Dr. Trevisan spoke of how Information and Communication Technologies (ICTs) have significantly impacted the world of disability rights. The United Nations Educational, Scientific and Cultural Organization (UNESCO) says that ICTs have allowed persons with disabilities to “enhance their social, cultural, political and economic integration in communities by enlarging the scope of activities available to them.” ICTs have promoted self-advocacy by allowing persons with disabilities to directly participate in any number of activities by directly getting their voice heard- middlemen are no longer required for persons with disabilities to get their issues out into the world. By surpassing several links in the communication process, the voices and narratives of persons with disabilities are more authentically communicated to policy makers and all levels of governance: local, regional, national, and international.

By skipping these ‘middlemen’, the effectiveness of a message (such as advocacy for disability rights) is more prominent, and the intended effect (policy change) is more directly linked to the advocate. According to Trevisan, two main communication styles are used by disability rights advocates to persuade policy-makers.

Emotional Appeal Versus Rational Arguments

Breaking down the rhetoric used by disability rights advocates, Trevisan elucidated on two primary forms of persuasive messages: messages appealing to emotion and messages appealing to reason. Emotional appeals typically feature personal narratives, eliciting feelings of empathy and sympathy by the receiver of the message. By contrast, rational arguments (i.e. appealing to reason) offer evidence-based arguments in support of policy change. A challenge of human rights advocates (in this case, disability rights advocates) is deciding which, or in what combination, of these persuasive tactics is most likely to achieve the desired outcome.

Historically, policy-makers have favored (or been more susceptible to) appeals to reason, as evidence-based arguments offer a more sound and predictable argument for policy change (or lack thereof). However, upon analyzing cases in the United Kingdom and United States, Trevisan documented a noticeable modal shift in successful argument tactics. Instead of favoring rational appeals, policy-makers are starting to respond and succumb to emotional appeals; this change is most clearly documented in policies related to persons with disabilities. This has huge implications for advocacy efforts and policy-makers alike. Bygone are the days where statistics and figures hold greater weight than personal narratives and stories. Perhaps we do indeed live in a “post-fact world” (though hopefully not). The question now becomes: why are emotional appeals more effective than rational arguments? And how can we marry these two approaches to achieve both: 1) successful persuasion of policy-makers to codify human rights and 2) create the emotional appeal from a sound and practical argument?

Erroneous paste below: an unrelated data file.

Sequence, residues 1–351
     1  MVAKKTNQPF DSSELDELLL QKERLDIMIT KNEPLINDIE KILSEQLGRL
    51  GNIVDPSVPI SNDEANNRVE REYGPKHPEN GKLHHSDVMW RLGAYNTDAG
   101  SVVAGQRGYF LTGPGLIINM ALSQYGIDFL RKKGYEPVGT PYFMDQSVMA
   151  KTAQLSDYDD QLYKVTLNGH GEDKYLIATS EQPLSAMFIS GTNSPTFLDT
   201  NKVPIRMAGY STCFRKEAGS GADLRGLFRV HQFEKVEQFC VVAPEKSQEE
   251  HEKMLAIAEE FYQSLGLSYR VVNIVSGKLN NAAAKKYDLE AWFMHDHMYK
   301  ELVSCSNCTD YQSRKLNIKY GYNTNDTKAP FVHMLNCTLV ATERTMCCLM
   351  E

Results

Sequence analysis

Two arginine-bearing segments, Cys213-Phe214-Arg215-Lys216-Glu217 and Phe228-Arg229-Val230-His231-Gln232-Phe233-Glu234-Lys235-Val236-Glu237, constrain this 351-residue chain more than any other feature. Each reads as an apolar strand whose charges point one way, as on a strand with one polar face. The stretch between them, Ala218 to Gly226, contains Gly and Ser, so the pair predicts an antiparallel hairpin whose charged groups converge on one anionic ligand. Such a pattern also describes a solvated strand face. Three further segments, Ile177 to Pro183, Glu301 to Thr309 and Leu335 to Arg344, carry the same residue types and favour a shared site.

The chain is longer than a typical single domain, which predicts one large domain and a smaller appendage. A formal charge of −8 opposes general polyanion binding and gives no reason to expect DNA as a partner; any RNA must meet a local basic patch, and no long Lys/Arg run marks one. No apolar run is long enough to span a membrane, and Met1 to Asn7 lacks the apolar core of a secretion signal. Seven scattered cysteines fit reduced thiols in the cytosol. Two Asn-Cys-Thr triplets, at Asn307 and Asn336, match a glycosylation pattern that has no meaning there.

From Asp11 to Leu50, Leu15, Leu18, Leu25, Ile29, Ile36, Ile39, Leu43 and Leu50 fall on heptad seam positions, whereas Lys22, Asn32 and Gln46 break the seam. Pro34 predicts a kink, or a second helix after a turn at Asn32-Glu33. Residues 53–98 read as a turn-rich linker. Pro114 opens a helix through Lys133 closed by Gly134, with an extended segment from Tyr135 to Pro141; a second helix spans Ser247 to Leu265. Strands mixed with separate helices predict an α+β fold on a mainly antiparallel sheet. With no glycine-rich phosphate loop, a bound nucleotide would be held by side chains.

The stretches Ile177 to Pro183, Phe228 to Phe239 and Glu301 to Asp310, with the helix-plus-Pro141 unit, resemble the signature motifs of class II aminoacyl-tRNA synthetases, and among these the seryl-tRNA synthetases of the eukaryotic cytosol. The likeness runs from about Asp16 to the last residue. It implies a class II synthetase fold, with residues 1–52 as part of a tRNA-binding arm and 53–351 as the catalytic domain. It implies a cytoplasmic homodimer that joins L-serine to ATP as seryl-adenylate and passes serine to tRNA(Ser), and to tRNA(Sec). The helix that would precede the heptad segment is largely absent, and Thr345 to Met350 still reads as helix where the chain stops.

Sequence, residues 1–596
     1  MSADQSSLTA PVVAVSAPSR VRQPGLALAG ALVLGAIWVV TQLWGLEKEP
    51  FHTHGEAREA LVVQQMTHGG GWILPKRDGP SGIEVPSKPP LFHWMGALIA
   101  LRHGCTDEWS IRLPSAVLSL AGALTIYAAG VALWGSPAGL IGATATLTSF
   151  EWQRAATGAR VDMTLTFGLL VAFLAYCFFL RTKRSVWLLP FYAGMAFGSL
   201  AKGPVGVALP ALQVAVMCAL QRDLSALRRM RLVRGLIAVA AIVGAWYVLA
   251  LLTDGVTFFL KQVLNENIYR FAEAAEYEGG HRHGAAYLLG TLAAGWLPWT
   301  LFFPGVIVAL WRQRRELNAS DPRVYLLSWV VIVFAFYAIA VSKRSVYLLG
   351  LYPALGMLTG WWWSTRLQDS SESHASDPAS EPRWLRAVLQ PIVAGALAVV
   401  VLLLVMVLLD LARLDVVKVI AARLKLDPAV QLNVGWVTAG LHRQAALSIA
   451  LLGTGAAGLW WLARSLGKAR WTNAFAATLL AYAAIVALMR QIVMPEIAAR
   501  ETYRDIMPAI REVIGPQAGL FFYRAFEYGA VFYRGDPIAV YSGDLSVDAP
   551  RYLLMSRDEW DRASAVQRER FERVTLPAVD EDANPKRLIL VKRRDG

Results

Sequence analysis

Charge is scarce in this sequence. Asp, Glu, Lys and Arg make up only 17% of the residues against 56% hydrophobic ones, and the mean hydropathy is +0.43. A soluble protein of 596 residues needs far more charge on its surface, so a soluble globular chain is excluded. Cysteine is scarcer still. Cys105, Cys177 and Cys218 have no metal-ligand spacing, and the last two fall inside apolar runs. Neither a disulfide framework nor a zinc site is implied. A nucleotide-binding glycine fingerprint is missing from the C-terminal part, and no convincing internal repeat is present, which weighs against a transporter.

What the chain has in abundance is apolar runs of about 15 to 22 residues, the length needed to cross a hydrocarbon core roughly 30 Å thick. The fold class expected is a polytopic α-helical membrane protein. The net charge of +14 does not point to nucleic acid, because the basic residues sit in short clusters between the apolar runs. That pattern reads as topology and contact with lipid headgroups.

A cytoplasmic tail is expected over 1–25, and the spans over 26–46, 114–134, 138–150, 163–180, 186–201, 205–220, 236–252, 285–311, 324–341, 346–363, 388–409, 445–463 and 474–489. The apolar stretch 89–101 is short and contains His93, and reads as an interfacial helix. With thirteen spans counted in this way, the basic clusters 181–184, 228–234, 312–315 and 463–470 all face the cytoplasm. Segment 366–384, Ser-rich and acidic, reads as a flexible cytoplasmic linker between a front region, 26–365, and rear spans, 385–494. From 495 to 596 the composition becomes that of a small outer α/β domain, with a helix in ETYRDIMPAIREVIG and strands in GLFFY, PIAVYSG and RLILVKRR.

a picture of social media icons as flowers indicating the growth of social media
Growing Social Media. Source: mkhmarketing, Creative Commons

The Power of Stories

The answer to the first question lies in the power of story; Trevisan argues the impact of personal story-sharing in disability rights advocacy cannot be overstated. The importance of persons with disabilities telling their personal stories has proven to be very effective when it comes to advocating for their rights, and Dr. Trevisan mentioned two critical components to story telling: 1) the voice of the person telling the story, and 2) the storyteller feeling his or her voice is heard. Dr. Trevisan states his research led him to find “individuals [with disabilities] are now able to participate in crowd-sourced campaigns, and they want to.” He goes on to say persons with disabilities generally feel authentic in their narrative-sharing and the significant strides in disability rights implementation (for example, the CRPD) shows their voices are being hear.

Persons with disabilities have been particularly effective in their use of crowdsourcing- the virtual participation in efforts such as rights-advocacy. While crowd-sourcing has been a great way to get stories out into the world, the particular mixture of rational vs. emotional components is up for debate. How narrow should the stories be? If someone has to edit these stories, who should it be and what gives them the right to do so? Should there be no editing of the stories? If not, what if the stories do not pertain to the cause? Is it right to cut out someone’s story that they want to tell? How can we (consumers of information) be sure we are receiving an authentic and genuine message from a credible source (especially in a “post-fact world”)?

Dr. Trevisan’s cunning research of story-telling in disability-rights advocacy suggests the paradigm of successful policy change is shifting: from rational appeal to emotional connection, from the presentation of hard facts to the telling of personal stories. Moving forward with this new knowledge, human rights researchers and advocates must find a way to marry objective reality with the subjective story of humanity.

 

For a list of our upcoming events, please visit our events page.